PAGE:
Critical Aircraft Planning Shortfall

An example of a vehicle/piece of equipment that required center of balance
An example of a vehicle/piece of equipment that required center of balance


For three years I worked in the logistics field in and around Jacksonville, North Carolina. I did logistical planning and execution of aircraft for both passengers and vital air cargo that needed to get transported overseas. I had completed extensive amounts of paperwork that had to get done in the preparation for the movements, particularly inspections of the cargo for banned/hazardous materials. Hazardous material needed to be properly documents, packaged, labeled, and then inspected in order for me to sign off on it, which then held me liable if anything had happened with the cargo on the aircraft.

As part of the cargo, vehicles also needed to get loaded onto cargo aircraft. Vehicles were a challenge because they had to be calculated for center of balance and based on that measurement a load plan would be created for the aircraft. If anyone is not familiar, the center of balance is the point at which a vehicle would remain in equilibrium, or balanced on both sides. This was an important part of loading vehicles – to heavy of an axle towards the front or back of the aircraft and not enough weight on the other side could be disastrous.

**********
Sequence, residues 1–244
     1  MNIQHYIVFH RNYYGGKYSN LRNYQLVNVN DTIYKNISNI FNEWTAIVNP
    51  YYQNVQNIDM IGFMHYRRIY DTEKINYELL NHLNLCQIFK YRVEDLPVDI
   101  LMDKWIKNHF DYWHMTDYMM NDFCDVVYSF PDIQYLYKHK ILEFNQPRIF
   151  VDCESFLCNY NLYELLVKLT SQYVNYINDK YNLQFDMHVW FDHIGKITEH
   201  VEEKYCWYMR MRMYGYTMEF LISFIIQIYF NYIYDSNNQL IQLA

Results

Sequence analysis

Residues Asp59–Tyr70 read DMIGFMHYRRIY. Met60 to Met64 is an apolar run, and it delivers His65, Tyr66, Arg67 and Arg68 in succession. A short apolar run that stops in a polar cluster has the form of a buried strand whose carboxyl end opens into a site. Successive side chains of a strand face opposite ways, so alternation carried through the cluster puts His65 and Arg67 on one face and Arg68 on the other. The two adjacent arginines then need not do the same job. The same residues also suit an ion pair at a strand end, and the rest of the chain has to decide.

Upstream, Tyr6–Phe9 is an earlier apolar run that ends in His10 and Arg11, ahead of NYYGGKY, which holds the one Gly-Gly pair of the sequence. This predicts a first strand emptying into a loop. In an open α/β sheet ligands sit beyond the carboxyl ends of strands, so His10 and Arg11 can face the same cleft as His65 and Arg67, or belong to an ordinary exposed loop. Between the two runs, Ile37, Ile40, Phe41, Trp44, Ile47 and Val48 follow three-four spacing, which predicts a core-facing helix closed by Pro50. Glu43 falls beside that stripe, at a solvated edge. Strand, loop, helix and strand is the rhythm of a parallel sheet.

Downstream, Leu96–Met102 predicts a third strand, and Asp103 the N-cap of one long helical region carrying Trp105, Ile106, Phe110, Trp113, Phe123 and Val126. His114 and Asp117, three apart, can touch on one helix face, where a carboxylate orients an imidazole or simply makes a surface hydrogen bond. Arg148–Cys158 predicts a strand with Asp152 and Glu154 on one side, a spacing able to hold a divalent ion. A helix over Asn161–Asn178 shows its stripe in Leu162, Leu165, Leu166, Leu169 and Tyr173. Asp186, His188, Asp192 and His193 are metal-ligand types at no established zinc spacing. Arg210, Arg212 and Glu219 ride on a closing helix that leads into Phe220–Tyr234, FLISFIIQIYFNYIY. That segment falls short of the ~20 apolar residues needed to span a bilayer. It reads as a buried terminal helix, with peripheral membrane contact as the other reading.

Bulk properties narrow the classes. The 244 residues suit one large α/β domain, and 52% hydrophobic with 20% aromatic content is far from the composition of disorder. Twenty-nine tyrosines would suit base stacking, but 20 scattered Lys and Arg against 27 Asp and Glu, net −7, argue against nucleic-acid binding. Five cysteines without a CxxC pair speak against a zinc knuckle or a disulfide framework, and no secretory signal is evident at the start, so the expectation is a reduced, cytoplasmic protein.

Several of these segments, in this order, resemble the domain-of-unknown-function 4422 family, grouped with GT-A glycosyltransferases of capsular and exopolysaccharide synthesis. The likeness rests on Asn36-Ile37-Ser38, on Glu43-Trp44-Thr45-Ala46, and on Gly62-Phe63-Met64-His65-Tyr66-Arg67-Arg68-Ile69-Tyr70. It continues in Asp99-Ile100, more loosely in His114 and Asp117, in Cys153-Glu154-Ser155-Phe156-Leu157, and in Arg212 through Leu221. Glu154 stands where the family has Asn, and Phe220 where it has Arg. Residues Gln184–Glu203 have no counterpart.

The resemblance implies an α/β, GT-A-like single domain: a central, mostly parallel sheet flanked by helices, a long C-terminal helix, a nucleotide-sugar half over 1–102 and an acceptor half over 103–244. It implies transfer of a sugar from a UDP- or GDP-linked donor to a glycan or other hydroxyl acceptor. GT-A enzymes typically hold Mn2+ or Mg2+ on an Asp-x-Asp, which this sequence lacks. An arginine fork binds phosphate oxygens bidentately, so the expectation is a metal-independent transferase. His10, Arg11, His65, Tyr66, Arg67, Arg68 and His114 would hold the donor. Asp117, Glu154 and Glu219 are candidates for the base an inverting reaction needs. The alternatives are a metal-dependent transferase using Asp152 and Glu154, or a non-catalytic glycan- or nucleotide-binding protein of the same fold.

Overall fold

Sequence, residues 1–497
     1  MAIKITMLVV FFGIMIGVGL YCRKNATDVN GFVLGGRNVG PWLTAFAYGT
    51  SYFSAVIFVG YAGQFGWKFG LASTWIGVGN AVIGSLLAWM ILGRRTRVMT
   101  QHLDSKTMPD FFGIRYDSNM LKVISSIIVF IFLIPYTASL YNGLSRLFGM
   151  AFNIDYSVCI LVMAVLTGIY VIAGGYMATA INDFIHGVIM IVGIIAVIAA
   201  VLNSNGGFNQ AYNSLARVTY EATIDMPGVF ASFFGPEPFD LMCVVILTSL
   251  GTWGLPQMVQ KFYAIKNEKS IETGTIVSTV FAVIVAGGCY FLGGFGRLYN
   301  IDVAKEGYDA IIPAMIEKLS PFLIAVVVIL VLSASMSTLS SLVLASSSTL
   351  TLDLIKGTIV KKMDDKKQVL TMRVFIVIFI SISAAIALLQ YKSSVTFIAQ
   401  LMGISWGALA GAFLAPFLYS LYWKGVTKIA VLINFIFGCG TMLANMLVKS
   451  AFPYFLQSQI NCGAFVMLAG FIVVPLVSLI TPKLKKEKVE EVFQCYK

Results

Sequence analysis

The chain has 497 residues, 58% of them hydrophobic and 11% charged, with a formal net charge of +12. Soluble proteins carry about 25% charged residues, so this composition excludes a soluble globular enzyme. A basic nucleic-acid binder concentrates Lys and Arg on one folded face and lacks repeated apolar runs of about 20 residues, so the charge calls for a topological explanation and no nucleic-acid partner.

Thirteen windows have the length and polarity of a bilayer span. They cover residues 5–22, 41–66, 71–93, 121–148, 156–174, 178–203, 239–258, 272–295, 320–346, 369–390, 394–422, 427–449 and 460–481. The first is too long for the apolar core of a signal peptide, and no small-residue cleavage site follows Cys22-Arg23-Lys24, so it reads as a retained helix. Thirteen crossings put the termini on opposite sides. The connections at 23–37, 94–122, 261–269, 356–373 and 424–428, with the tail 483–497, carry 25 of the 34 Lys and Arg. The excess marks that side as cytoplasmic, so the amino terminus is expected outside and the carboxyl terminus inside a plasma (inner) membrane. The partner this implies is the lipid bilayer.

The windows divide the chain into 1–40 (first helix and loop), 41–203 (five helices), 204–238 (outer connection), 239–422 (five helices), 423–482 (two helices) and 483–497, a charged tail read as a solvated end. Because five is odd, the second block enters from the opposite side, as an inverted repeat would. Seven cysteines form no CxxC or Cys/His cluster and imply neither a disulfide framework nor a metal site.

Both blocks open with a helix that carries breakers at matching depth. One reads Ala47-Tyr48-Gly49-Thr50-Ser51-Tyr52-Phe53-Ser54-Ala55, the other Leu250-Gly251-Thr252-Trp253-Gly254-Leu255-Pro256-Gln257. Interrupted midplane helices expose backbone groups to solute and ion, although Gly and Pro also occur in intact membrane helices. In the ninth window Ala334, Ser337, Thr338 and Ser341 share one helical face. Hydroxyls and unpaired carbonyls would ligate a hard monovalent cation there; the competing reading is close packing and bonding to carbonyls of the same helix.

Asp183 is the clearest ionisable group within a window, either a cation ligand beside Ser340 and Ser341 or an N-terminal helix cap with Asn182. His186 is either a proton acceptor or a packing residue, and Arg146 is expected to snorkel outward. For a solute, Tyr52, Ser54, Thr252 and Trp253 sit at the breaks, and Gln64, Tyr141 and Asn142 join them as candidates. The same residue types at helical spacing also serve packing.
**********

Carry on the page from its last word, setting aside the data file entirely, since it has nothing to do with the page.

In an attempt to cut costs and save time, the management at our office decided to invest in a weigh-in-motion scale. This system was outfitted with four scales and a laser system. When a vehicle was driven over the scales, it would automatically take the weight of each individual axle (similar to a highway truck weigh station) and the lasers would capture the exact dimensions. This information is then transferred to the computer and printed out a center of balance ticket which was used in planning the aircraft configuration.

A very simple process, with one major flaw. The system was a mobile unit on a trailer and had to be packed after every use. Due to this it took a little over an hour (and a small team of people) to set it up and get everything calibrated correctly. There was a team of only three of us that were initially trained and knew how to properly work this system, which is plenty knowing that once it is set up the system is extremely easy to use. What the management did not think of is that we were on a constant rotation cycle, moving from city to city or state to state every couple years. With this high turn-around there was no planned way for anyone to pass on the knowledge about the system and how it works. The system has now been sitting idle for over a year. It is a shame to know that such an expensive, valuable system is not being used because the proper training did not occur to get people up to speed. A good idea on paper, but the needs of the workers at the terminal must be considered.

As management, would be your solution to create a smoother transition into this system?